Yesterday I talked about how to make sure that prospects always consider your company when they’re looking for a product, system or service. Your brand (and what it supplies) needs to be seared into their minds permanently, and/or it needs to be one they’ll come across prominently when they start any research. From what I observe, way too much marketing communications goes on without any fundamental consideration of which approach the company is taking, or if they’re tackling both.
Someone suggested that I might be mistaken in saying that keeping your name in front of prospects was as expensive as ever, because the advent of email in the past 15 years has provided a much cheaper way to go down this route. Well, it’s true that emailing 1,000 prospects isn’t as expensive as sending them paper in envelopes. But it’s dangerous to say that consequently makes the ROI from the exercise a lot better.
Firstly, you need to remember the reason for your mailing, which I believe should be to encourage the prospect to consider you when they eventually need your product. For most companies selling to engineers, scientists or architects, unless the mailing is for a product or service which is being renewed, it’s only going to sell stuff directly by fluke. As we all know, only a low percentage of mailings get read. Multiply that by the even lower percentage of recipients who actually happen to be looking for a supplier of your product or service that day, and you’ll instantly recognise that the prospect of selling something direct from a mailshot might easily be down to a tenth or a hundredth of one percent, or close to zero (especially with email nowadays). That could pay for the mailing, at a pinch, but there are more cost-effective ways of selling stuff directly.
On a per-piece basis, I think postal mailshots have more impact than emails, but that’s because of the investment which goes into them. They’re far more frequently used to send out something which has cost time and money to produce, and which recipients might keep, such as a catalogue, guide or handbook. If recipients keep what you send out, that’s marketing gold.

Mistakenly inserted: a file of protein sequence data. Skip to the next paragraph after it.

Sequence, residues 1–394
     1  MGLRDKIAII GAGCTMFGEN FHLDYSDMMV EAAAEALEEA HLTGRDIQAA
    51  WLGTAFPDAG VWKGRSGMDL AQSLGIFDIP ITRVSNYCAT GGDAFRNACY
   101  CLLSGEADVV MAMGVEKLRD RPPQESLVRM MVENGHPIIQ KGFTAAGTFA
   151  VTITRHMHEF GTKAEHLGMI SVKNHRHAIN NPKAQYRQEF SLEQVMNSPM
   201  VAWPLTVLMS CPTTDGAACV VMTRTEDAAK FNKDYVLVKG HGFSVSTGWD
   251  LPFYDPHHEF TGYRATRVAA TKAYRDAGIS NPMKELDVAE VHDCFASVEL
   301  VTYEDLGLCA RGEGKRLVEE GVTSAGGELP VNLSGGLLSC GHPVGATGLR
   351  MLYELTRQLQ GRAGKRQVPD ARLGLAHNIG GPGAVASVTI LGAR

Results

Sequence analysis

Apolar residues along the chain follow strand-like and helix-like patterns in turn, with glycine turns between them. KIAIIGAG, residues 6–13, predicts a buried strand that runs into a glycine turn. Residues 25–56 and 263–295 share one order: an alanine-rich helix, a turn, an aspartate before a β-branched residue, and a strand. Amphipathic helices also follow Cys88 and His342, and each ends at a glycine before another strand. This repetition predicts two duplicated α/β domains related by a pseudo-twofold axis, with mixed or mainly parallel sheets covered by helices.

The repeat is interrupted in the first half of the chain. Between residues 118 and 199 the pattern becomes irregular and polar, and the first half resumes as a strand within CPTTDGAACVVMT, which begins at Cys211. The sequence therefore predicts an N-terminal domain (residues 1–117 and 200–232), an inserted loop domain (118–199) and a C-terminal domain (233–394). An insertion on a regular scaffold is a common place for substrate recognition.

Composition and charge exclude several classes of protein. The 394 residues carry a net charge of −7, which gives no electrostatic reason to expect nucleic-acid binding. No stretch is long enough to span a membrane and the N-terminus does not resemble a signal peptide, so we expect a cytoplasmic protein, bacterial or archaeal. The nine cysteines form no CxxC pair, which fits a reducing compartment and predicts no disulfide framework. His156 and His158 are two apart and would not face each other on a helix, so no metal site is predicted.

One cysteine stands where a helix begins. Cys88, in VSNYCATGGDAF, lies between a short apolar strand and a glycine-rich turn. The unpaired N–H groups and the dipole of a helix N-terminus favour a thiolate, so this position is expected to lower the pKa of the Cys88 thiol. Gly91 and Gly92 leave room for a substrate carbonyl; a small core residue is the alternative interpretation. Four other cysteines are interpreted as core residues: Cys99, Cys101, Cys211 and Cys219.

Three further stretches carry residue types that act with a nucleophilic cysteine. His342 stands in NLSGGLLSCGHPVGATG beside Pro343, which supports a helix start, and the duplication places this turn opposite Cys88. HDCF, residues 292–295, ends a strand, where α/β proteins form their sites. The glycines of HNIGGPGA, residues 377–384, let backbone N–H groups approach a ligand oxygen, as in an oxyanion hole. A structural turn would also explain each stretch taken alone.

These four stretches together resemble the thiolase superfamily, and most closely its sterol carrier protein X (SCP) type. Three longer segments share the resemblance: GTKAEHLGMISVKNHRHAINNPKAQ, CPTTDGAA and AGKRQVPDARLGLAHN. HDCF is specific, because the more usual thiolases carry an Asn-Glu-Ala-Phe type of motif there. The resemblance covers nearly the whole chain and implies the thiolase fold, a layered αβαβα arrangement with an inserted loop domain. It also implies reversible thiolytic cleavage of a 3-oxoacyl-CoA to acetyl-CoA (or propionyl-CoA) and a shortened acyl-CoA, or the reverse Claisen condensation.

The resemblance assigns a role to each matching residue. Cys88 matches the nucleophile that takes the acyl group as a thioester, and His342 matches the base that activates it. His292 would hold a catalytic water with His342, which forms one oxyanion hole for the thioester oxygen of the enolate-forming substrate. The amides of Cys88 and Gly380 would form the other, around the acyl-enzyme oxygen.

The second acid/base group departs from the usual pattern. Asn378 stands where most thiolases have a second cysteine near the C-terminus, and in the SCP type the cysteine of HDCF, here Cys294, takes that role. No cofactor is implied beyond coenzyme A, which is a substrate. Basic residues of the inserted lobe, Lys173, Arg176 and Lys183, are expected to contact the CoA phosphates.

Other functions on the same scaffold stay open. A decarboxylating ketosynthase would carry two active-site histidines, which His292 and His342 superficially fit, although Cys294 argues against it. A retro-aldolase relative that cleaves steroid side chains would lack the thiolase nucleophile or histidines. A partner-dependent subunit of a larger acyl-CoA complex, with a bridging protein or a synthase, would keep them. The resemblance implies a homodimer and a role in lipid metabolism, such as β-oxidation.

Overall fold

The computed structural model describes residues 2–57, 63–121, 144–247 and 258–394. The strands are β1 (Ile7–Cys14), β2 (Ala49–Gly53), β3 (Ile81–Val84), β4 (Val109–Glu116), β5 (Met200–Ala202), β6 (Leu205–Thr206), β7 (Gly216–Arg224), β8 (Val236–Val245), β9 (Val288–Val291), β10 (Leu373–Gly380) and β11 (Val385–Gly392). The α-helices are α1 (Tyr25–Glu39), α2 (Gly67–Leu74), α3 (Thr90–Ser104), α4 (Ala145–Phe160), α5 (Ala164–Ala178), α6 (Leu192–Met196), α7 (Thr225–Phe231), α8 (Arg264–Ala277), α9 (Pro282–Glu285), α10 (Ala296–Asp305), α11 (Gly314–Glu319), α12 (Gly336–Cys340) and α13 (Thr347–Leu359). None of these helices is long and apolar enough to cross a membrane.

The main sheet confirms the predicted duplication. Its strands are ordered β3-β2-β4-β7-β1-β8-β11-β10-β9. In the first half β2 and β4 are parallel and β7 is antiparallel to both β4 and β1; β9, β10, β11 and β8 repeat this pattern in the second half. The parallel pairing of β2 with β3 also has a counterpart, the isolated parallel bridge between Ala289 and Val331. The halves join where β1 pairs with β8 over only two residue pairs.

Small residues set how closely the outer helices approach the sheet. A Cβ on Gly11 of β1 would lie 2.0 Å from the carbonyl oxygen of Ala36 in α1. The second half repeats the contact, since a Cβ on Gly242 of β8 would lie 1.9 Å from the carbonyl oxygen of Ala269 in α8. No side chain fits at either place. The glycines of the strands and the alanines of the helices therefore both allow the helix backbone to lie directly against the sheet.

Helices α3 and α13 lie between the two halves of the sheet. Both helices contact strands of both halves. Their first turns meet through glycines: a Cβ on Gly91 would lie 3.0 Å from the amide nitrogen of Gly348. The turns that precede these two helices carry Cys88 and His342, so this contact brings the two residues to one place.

In comparison, many company emailing exercises are made even more cheap than postal mailshots because the content is, quite frankly, rubbish. Most companies spend significant amounts of time and money preparing the words for a postal mailshot, especially if it’s a brochure or catalogue. It’s far more likely that external copywriters or designers will have been employed. In comparison, most companies spend minutes, rather than days, on the content of emails – so of course they’re going to be a lot cheaper. Why so few sales emails have any real content behind them, I don’t know. Maybe emailing is just a tick-box exercise for many businesses. I must get ninety-nine sales emails which tell me nothing of interest, for every one which actually says: “this email is to introduce you to something which is of genuine value”.
If you’ve sent out a marketing email recently, take a look at it and ask yourself: “even if I was given the stamps and envelopes for free, would I have sent that out by post?” Most of the emails I get would just embarrass the sender if they were sent out on paper, so why is it good enough for emailing?
When you add up the cost of writing a brochure, as well as printing and posting it, the cost might be fifty times more than a typical emailed newsletter. But is the ROI on fifty sales emails going to be any better than one postal mailing to the same prospect list? If you send 100 prospects an uninspiring email every week for a year, is it going to beat the ROI of a single specially-prepared postal mailing to them? Maybe. But it’s something to consider.